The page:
- Dua Lipa isn’t canceled—but her fans are defending her in #DuaLipaIsOverParty like she is 11 Months Ago
- These YouTube videos claim to show the Kobe Bryant helicopter crash (they don’t) 11 Months Ago
- More than 40 colleges say they won’t use facial recognition on campus 11 Months Ago
- LeBron’s Instagram tribute to Kobe is devastating Today 7:56 AM
- ‘Rise of Empires: Ottoman’ is ‘Game of Thrones’ for history buffs Today 7:00 AM
- People on Twitter ask whose ancestors would’ve passed immigrant ‘wealth test’ Monday 6:54 PM
- Kobe Bryant helicopter crash mocked in teen’s TikTok video Monday 6:38 PM
- Chiefs, Bears, Packers have Twitter accounts hacked Monday 3:48 PM
- Washington Post reporter suspended amid backlash over Kobe Bryant tweet Monday 3:08 PM
- America is united in hating Ken Starr’s impeachment hat Monday 3:01 PM
- In ‘Cuties,’ the contradictions of growing up come to a head Monday 1:55 PM
- Racist tweets blame fruit bat soup for coronavirus Monday 1:25 PM
- What is the #ILeftTheGOP movement? Monday 1:21 PM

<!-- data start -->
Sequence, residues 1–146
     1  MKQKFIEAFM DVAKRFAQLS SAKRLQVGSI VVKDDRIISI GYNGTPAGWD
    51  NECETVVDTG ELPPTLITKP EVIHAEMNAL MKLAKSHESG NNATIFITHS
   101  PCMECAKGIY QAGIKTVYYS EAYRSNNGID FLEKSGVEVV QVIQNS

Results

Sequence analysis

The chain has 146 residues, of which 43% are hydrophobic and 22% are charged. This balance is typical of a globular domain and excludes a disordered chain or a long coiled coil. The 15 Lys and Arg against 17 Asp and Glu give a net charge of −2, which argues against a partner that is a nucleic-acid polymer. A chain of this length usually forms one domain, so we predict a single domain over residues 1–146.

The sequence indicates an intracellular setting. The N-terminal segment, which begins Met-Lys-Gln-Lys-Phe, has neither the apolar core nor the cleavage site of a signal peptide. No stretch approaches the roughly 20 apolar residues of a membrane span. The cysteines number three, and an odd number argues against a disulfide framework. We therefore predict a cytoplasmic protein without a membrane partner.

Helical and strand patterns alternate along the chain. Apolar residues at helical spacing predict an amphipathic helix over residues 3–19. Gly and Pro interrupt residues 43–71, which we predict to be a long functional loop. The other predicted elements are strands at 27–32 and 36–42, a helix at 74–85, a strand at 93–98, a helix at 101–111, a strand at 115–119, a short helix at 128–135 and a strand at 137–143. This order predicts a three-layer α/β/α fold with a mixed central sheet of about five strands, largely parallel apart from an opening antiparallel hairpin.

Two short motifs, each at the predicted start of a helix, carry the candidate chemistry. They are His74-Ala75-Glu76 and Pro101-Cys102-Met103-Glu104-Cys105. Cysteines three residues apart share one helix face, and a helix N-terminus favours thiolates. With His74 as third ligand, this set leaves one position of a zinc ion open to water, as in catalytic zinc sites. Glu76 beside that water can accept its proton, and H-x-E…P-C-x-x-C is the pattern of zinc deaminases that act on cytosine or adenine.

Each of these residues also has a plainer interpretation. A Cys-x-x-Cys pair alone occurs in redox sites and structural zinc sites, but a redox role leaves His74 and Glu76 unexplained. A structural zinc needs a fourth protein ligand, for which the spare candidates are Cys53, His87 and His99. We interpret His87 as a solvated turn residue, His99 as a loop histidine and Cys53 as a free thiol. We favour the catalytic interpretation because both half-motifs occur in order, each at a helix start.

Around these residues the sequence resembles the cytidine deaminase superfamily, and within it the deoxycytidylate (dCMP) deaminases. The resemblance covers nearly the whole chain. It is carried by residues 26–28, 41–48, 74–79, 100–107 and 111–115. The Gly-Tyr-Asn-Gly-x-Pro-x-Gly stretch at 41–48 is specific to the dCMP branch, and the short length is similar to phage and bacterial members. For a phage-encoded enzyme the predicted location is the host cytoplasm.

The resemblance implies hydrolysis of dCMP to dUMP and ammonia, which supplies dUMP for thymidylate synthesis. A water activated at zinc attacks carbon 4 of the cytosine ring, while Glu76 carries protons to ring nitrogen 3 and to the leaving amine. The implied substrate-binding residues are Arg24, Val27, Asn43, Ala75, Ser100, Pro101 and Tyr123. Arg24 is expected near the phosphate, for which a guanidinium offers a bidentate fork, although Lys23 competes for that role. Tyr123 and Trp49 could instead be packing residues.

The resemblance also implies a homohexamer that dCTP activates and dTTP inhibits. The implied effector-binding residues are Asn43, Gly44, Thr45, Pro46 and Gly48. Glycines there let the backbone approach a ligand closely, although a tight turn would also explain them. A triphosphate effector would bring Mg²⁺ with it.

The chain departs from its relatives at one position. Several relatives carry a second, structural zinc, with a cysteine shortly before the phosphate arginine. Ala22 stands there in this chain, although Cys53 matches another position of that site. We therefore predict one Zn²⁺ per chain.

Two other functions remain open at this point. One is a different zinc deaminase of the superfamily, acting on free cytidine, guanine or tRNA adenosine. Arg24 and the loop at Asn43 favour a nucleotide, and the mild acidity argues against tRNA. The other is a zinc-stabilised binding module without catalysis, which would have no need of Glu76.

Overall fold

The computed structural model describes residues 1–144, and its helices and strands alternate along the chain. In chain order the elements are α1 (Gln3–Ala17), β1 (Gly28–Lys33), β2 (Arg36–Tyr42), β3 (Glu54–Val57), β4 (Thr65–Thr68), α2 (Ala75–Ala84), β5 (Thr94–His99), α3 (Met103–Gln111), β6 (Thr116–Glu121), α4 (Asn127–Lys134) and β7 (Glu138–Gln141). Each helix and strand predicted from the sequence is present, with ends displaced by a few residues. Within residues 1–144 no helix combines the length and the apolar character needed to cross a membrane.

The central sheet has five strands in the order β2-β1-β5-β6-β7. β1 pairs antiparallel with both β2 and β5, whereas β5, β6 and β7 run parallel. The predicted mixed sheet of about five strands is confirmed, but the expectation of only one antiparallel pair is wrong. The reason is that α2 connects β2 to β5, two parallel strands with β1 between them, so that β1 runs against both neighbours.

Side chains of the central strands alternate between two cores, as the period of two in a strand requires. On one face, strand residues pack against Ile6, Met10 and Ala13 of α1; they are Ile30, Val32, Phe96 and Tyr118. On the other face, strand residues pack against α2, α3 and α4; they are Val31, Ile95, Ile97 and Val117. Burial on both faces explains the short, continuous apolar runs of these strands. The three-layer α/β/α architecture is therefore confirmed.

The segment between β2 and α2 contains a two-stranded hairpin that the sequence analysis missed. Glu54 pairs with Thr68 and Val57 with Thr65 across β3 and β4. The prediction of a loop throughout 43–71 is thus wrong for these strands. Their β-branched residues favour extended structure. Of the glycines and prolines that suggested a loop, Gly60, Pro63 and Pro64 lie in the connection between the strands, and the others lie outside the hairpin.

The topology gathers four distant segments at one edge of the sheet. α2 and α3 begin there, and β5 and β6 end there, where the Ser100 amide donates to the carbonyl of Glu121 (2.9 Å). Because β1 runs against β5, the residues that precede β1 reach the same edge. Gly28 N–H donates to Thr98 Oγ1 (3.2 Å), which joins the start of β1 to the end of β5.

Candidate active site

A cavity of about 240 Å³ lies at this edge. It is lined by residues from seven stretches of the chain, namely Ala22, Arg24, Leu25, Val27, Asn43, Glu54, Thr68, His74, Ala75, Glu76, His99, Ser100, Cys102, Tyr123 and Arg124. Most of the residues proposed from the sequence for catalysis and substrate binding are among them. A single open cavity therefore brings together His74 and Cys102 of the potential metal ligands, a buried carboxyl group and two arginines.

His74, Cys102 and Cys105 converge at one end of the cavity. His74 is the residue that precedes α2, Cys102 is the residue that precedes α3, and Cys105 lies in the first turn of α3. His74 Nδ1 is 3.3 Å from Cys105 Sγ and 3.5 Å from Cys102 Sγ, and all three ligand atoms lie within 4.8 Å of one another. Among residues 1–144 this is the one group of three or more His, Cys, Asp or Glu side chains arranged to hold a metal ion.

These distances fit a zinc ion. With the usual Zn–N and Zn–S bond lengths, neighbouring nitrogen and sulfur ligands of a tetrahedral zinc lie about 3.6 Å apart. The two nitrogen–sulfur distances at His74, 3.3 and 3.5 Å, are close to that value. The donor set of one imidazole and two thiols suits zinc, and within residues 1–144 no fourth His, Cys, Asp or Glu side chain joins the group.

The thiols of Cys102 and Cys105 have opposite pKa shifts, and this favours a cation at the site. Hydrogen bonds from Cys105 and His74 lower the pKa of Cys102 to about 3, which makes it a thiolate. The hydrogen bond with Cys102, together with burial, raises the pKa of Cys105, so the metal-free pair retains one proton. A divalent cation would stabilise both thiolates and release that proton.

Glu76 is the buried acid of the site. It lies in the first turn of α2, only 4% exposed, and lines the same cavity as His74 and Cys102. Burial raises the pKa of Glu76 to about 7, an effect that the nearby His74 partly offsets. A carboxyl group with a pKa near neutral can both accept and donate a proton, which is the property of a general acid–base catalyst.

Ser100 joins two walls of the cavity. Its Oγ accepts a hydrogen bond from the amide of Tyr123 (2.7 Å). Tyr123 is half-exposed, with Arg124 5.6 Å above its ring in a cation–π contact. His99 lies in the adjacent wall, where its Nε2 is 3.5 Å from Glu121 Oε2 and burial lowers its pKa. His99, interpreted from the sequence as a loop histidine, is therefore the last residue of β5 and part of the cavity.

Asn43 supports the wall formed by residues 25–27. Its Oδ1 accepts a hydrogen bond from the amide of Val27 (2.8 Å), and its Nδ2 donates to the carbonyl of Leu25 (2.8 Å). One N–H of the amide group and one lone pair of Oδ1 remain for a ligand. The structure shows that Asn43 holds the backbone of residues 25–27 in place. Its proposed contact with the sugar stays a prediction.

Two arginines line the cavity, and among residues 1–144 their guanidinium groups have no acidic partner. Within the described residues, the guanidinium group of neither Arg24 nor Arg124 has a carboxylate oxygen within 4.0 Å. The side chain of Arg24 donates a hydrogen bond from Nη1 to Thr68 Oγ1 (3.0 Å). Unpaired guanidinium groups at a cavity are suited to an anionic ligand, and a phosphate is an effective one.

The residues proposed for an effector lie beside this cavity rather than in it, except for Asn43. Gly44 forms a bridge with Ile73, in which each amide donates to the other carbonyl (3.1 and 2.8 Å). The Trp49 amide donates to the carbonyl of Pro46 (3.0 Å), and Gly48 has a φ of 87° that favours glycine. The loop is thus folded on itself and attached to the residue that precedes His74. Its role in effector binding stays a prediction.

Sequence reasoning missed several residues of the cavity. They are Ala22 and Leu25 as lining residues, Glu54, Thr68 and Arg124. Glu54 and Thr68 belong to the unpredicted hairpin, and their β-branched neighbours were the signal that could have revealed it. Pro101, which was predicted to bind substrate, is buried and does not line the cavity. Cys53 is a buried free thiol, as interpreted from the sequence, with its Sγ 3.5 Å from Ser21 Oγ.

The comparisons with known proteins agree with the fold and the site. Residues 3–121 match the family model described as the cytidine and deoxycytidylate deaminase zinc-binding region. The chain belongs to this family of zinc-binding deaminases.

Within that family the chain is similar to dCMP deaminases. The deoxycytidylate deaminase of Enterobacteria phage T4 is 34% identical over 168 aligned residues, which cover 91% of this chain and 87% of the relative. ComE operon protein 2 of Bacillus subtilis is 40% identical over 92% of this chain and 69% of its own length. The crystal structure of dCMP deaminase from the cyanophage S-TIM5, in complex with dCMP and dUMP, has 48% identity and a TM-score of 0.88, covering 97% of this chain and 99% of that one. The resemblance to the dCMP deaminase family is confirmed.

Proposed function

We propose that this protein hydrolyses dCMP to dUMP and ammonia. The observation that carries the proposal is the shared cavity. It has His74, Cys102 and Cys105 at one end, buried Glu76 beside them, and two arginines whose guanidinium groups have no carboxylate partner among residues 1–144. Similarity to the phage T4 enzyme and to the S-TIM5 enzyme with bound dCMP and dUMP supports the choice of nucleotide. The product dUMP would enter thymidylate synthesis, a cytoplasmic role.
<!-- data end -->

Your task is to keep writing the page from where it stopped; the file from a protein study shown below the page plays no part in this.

- The Grammys were weird and sad—but the Billy Porter hat memes offered some levity Monday 12:36 PM
- Auschwitz Museum calls on Facebook to ban Holocaust denialism Monday 11:59 AM
This week, Valve decided to pull a game called Rape Day from its Steam Store. And, of course, sadly, gamers are upset.
On Wednesday, Valve announced Steam will not distribute Rape Day. Citing the need for “further explanation,” Valve said that “significant fact-finding and discussion” over a game with the words “rape” and “day” in the title led Valve to conclude that the game “poses unknown costs and risks and therefore won’t be on Steam.”
“We respect developers’ desire to express themselves, and the purpose of Steam is to help developers find an audience,” Steam said about a game where you can “verbally harass, kill, and rape women as you choose.” Valve too was not so quick to call out violence against women, but instead simply said Rape Day’s developer “has chosen content matter and a way of representing it that makes it very difficult for us to help them do that.”